Thank the Navy for Bringing This Classic Cocktail to the U.S.
July 19 is National Daiquiri Day, and poolside bars across the country are celebrating with bucket-loads of the icy beverage. But before Daiquiris turned into the sticky, fruit-flavored slushies many of us know them as, they first had to dock in America. And who better to bring back treasures from overseas than the U.S. Navy?
Anatomy of a Daiquiri
The Daiquiri began as a rather demure drink. It’s a classic sour — a type of cocktail composed of a base spirit, a sweet ingredient, and a sour ingredient. That’s right, no food coloring or fruit garnishes required. All you need for a true, original daiquiri is rum (usually white), sugar, and lime.
Credit for the creation of the Daiquiri has gone to many people, but the most popular origin story involves Jennings Stockton Cox. Cox was an American businessman working for Bethlehem Steel who went to Cuba after the Spanish-American War to capitalize on the iron mines in the Sierra Maestra mountains.
While entertaining guests one night, Cox ran out of gin and turned to the local Bacardi Carta Blanca rum, mixing it with lime juice and sugar to soften the taste. The crowd-pleasing drink was dubbed the Daiquiri after the town they were staying in.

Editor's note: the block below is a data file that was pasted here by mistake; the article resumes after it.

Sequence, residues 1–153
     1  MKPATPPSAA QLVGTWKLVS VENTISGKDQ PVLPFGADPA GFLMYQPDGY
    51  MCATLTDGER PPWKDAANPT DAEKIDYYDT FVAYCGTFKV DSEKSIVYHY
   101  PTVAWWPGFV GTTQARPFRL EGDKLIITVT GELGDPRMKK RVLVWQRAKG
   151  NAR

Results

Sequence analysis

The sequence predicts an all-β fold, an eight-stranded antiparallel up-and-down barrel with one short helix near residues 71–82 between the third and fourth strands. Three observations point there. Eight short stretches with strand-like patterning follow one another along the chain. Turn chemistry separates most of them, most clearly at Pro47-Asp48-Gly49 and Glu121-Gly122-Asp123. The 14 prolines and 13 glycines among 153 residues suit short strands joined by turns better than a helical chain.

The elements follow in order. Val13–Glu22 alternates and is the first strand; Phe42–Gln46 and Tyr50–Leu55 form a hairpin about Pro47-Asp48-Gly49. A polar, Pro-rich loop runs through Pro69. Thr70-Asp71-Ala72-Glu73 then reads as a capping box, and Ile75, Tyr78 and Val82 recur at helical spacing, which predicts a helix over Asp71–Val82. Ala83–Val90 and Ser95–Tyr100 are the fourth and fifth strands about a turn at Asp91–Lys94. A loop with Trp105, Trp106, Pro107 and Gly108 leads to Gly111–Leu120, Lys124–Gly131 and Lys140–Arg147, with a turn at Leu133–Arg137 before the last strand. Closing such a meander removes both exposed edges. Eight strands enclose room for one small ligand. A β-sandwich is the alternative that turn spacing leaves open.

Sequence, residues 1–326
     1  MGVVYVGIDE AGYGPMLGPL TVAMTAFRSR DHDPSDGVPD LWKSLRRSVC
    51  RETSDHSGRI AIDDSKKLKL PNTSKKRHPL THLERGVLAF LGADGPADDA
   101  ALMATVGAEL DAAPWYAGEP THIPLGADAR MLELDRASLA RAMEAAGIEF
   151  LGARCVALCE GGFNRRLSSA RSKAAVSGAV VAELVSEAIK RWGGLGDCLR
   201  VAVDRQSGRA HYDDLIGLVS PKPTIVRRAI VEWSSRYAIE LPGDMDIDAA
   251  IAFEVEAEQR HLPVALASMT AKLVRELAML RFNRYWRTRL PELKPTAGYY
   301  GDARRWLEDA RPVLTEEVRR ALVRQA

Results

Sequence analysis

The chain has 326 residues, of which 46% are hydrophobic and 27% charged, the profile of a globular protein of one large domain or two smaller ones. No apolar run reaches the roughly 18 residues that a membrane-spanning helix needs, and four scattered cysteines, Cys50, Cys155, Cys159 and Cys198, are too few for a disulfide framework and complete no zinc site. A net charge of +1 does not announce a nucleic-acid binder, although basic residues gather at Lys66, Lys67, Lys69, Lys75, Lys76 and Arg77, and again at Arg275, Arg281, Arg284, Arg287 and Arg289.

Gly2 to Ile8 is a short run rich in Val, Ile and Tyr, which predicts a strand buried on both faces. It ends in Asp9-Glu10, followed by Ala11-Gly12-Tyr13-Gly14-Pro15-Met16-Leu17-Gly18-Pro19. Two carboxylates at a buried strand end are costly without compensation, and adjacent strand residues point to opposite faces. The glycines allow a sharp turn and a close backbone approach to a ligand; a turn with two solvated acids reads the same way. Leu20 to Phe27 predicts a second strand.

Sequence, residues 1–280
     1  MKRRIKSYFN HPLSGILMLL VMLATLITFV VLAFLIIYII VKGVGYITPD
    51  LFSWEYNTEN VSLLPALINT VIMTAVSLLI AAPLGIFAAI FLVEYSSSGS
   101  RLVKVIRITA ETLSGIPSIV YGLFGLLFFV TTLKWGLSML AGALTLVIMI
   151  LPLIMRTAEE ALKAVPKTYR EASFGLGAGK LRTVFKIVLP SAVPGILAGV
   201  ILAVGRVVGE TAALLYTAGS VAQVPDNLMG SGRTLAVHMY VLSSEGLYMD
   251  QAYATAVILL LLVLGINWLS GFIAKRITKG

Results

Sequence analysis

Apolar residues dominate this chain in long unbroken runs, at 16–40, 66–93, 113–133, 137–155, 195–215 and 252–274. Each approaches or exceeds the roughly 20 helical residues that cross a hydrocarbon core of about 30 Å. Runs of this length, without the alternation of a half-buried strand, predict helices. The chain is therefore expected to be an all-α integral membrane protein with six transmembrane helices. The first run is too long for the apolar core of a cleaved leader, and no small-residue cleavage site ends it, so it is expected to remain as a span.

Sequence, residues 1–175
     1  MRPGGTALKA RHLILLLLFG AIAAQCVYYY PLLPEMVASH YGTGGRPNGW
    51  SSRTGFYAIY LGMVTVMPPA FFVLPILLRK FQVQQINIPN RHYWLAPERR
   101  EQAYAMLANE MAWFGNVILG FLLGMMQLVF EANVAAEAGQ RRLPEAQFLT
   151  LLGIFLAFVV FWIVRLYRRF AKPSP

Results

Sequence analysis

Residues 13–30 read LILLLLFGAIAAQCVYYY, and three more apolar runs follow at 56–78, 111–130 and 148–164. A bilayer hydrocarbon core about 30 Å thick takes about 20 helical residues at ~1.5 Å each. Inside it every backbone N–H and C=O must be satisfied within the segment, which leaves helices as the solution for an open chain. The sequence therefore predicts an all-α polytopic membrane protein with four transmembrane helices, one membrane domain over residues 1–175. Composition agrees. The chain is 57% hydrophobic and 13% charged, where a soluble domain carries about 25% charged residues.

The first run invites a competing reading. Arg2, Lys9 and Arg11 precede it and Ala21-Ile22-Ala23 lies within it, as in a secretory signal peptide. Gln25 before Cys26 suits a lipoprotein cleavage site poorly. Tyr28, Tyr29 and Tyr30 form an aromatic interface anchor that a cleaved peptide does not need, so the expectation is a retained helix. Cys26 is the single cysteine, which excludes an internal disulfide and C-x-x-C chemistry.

The Naval Intervention
The Daiquiri stayed local to Cuba until 1909 when the USS Minnesota came to tour the decade-old battlegrounds of the Spanish American War. Junior medical officer Lucius W. Johnson went ashore and met Cox on Daiquiri beach who, of course, entertained the newcomer with a freshly-shaken cocktail.
Upon returning to the U.S., Johnson brought Cox’s signature recipe and a bottle of rum to Washington, DC’s Army and Navy Club. He commissioned the bar staff there to debut the drink to the American public, and it was such a hit that the bar was renamed the Daiquiri Lounge in its honor.
The drink spread over time, eventually turning into a blended drink with a variety of added syrups and flavorings. Still, when it comes to Daiquiris, Cox’s original recipe, now residing at the University of Miami Library, reigns supreme. Don’t believe us? Try it for yourself with the recipe below.
The Original Dacquiri
- 2 oz white rum
- 1/2 oz fresh lime juice
- 1/2 tsp fine sugar
- Fill a shaker with ice and add all ingredients.
- Shake well and strain into a chilled cocktail glass.
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